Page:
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Briar slipped and had to brace himself against the walls around him to get his balance. Think I’ll boil my hands afore I eat again, he thought. To Alleypup he said, “I never knew any but my ma, that died. Now I guess my mates at Winding Circle, the girls, they’re like sisters. They’re complicated, though.”

“Mages is always complicated,” Alleypup commented. They had come to an intersection. He looked both ways, then led Briar right, into a larger tunnel. “We been hearing stories about you and them three girls since the quake.”

They splashed on in silence for a while. The pipes got big enough that they could walk if they didn’t mind hunching over and getting their heads knocked from time to time. These pipes were glazed clay, better in quality than the smaller ones, though Briar still noticed quake damage. Some of it had been repaired, the newer clay lighter in color than the old stuff.

Once they’d stopped for another rest—Briar noticed that Alleypup wheezed a great deal—the other boy remarked, “Flick says you was a jailbird.”

“Have a look.” Briar held both hands close to the lamp to let Alleypup see the dark blue X’s tattooed between his forefingers and thumbs. “They grabbed me up a third time, and I was on my way to the docks,” he said with pride. “But Niko—a teacher of mine—he saw my magic and bought me off the magistrate.”

“Never!” whispered Alleypup, startled.

Briar nodded. “Truth. He brung me to Winding Circle. I ended up in a house with three girls because he saw the magic in all of us.”

“Nobody saw you was magic before?” Alleypup inquired. “All the time you hear about this kid and that one gets fingered by a magic-sniffer and bundled off for lessoning.” Kid was street slang for a child. “And they’re usually real little kids.”

“Mine was strange,” Briar replied with a shrug. “So was my mates’ magics. We didn’t even know we had it, till Niko and Lark and Rosethorn and Frostpine started teaching us. Lark and Rosethorn boss the house we live in. Frostpine’s—”

“Metal-mage,” said Alleypup. “Everyone knows him and Lark and Rosethorn.” He straightened and led the way again.

At last they entered the great tunnels under the oldest parts of the city. More care and attention went into these underground rivers and streets, in part because the network was centuries old, but also because the guilds, the wealthy merchants, and those nobles who kept houses in town lived overhead. Here Briar was glad to see walkways on both sides of the stone-or brick-lined canals. There were rats, of course; the stink made his head spin; and often they had to race by pipes about to dump sewage into the water, but at least they weren’t rubbing narrow walls covered with goo. These tunnels were built to last; what little earthquake damage they had suffered had been repaired with new brick and stone.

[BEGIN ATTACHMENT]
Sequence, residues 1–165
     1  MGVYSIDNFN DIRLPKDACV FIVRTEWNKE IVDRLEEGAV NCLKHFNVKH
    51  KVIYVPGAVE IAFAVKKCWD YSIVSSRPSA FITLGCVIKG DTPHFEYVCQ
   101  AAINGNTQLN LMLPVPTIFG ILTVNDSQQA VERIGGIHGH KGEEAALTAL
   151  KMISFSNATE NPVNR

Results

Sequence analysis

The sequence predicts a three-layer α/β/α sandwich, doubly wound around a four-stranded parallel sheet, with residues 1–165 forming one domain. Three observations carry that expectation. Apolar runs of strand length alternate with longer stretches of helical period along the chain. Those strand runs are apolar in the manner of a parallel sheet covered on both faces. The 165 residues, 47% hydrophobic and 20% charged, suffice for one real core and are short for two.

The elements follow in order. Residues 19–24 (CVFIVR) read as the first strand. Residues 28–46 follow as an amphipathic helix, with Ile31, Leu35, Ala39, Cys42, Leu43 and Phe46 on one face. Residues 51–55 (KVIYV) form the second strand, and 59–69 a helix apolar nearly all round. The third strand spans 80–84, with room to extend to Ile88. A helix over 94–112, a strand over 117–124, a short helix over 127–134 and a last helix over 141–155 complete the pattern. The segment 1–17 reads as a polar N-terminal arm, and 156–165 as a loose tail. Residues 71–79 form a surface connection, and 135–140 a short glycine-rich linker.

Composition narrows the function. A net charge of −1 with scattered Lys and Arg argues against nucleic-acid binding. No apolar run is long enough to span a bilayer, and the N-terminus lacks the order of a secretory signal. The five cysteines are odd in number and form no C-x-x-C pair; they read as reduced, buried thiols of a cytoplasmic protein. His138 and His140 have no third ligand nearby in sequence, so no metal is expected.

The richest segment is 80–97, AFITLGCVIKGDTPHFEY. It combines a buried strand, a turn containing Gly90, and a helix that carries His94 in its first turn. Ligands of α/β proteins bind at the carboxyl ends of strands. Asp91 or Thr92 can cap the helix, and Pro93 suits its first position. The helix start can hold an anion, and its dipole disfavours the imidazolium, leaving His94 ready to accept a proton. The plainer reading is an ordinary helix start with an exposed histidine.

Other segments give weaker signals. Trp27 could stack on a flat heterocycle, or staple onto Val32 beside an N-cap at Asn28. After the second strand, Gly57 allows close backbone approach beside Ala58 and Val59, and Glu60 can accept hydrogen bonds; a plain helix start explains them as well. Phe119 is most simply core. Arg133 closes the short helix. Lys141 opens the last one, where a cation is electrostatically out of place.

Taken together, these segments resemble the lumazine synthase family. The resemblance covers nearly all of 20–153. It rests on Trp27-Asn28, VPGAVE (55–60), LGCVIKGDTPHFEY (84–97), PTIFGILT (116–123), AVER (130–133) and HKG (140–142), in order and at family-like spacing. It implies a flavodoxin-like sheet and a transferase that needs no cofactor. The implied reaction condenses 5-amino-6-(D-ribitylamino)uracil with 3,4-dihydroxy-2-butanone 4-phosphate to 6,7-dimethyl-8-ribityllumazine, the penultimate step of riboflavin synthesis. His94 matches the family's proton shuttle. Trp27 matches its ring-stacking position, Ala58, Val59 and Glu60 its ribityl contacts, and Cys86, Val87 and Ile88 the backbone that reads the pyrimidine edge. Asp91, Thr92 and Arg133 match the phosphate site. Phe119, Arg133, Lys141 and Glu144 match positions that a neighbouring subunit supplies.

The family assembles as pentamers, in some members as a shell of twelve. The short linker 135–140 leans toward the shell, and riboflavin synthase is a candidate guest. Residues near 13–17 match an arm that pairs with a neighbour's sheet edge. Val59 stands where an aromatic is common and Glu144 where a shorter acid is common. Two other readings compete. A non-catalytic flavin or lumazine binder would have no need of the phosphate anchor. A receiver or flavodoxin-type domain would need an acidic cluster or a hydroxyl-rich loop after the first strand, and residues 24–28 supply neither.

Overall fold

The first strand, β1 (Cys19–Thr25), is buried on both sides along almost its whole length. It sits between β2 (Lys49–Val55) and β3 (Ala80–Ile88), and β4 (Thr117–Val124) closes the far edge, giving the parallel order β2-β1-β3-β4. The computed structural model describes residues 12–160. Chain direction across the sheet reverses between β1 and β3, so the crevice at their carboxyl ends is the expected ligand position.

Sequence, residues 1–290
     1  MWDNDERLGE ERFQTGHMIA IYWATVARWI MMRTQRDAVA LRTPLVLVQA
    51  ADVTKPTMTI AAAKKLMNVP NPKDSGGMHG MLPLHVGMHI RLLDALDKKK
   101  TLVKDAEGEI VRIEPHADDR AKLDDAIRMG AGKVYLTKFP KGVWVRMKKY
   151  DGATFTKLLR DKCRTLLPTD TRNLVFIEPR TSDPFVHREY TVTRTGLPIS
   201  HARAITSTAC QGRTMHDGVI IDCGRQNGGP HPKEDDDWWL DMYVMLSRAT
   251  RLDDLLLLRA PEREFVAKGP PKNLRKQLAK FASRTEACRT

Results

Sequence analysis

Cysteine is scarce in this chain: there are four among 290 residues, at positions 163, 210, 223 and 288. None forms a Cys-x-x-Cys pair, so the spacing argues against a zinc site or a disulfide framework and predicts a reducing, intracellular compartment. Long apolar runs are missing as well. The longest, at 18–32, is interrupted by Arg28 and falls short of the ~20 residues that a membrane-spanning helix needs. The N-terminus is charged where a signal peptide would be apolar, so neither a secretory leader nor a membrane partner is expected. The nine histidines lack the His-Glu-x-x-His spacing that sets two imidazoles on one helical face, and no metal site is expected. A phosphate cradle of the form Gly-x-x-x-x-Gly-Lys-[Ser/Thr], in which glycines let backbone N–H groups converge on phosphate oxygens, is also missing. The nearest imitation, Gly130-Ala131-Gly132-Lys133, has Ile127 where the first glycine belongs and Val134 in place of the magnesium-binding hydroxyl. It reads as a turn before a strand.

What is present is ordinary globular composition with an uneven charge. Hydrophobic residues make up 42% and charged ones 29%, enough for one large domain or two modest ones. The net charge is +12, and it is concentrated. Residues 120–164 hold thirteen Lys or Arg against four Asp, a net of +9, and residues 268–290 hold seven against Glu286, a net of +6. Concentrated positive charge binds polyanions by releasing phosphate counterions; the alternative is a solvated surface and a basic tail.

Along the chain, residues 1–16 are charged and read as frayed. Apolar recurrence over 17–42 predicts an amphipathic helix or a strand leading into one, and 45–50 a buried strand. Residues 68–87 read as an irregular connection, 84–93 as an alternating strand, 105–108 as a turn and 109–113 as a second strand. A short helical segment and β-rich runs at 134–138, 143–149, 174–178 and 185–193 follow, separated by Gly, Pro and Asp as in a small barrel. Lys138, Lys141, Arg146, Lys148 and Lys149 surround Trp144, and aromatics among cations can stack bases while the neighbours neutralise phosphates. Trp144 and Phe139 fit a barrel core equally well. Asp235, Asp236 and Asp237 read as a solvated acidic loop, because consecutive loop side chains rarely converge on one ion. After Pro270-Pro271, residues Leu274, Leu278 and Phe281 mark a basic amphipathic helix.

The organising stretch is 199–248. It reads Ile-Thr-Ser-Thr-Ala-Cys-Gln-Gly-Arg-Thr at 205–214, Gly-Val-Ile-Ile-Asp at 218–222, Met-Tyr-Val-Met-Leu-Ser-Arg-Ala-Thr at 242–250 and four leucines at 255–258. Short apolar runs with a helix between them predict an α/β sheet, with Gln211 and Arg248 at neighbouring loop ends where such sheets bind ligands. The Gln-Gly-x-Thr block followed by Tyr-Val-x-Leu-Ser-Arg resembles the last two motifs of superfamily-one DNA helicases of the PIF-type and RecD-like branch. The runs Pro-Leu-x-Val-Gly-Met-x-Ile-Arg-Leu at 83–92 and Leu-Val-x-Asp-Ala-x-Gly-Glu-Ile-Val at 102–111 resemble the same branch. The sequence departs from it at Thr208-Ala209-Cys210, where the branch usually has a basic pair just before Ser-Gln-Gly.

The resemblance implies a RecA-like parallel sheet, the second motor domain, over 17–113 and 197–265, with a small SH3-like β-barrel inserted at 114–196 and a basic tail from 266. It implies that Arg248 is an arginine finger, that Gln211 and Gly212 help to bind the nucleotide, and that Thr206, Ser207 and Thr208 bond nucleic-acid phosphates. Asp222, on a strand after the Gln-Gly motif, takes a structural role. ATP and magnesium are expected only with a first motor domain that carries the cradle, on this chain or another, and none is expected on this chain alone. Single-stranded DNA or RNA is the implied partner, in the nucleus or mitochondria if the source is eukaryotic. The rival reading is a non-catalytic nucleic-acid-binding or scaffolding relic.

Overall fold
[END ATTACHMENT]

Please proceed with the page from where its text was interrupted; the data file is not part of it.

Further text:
Not far from the point where they had entered the biggest tunnels, Alleypup turned into a lesser one. Ten yards down its length the street rats had yanked out bricks and dug into the earth, shaping a cave deep and broad enough to sleep a small gang. A lamp burned in a niche, casting a wavering glow over a pile of rags at the rear of the cave.

“It’s me.” Alleypup set his lamp on a ledge by the entrance. “I brung him.”

The girl who lay on the pile of rags sat up, peering at them. “Briar?”

He walked over and knelt beside his friend. Except for a ragged belly-wrap of some pale cloth, Flick was naked. Her skin, normally deep brown, was covered with even darker spots and blotches from hairline to toes. Some on her left shin had merged into welts; they looked stretched and painful. Her lips cracked and bled; her eyes were glassy with fever. Heat rose from her to press Briar’s face.

Flick struggled to smile. “Ain’t I a sight?” She stretched out her hand, palm-up; Briar stroked it with his free hand. They locked their fingers together, twisted them, and tugged free in a traditional street-rat’s greeting.

“You’re something, all right,” Briar admitted.

“I ain’t never seen nothing like this—like these spots. Did you?” she asked.

Briar shook his head. “Open your mouth?”

She obeyed. Briar peered in, but the light was too chancy. “Alleypup, hold the lamp close.”

The boy obeyed. Now Briar saw that Flick’s tongue was covered with a dense, pale coat. He could even see blue spots on the inside of her cheeks.

“Close up,” he told her. “Lemme see your back.” Obediently Flick turned onto her side. The spots were as thick on the back of her body as on the front. Asking permission and getting it, Briar lifted the band on her belly-wrap. The spots continued on the girl’s hips and bottom. “You can lay flat again,” he said when he was done. As Flick turned, he backed up until he was on level ground. There he sat on his heels, arms wrapped around his knees, to think.

For an apprentice maker of medicines, as Briar was now, his old life in Deadman’s District had been useful. There he’d seen all manner of sickness and injury. Now he ran through those he had witnessed close up. Smallpox and all the other poxes were old enemies, as was the black death. They looked nothing like what riddled Flick’s skin.

He looked at his friend. “How long’ve you been sick?”

She counted fingers, her lips moving. “Two days with spots. I wasn’t feeling right three days before.”

“Anybody else got it?” Briar asked.

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